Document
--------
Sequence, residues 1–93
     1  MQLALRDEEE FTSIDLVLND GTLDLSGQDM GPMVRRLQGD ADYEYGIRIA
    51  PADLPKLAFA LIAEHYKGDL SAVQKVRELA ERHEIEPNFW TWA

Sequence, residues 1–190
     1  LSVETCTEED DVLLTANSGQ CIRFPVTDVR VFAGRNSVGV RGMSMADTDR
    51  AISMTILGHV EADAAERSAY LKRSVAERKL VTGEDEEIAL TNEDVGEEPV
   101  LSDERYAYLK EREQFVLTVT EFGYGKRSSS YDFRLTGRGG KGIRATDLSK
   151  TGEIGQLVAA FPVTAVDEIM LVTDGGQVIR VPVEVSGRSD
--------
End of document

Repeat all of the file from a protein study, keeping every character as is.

Sequence, residues 1–93
     1  MQLALRDEEE FTSIDLVLND GTLDLSGQDM GPMVRRLQGD ADYEYGIRIA
    51  PADLPKLAFA LIAEHYKGDL SAVQKVRELA ERHEIEPNFW TWA

Sequence, residues 1–190
     1  LSVETCTEED DVLLTANSGQ CIRFPVTDVR VFAGRNSVGV RGMSMADTDR
    51  AISMTILGHV EADAAERSAY LKRSVAERKL VTGEDEEIAL TNEDVGEEPV
   101  LSDERYAYLK EREQFVLTVT EFGYGKRSSS YDFRLTGRGG KGIRATDLSK
   151  TGEIGQLVAA FPVTAVDEIM LVTDGGQVIR VPVEVSGRSD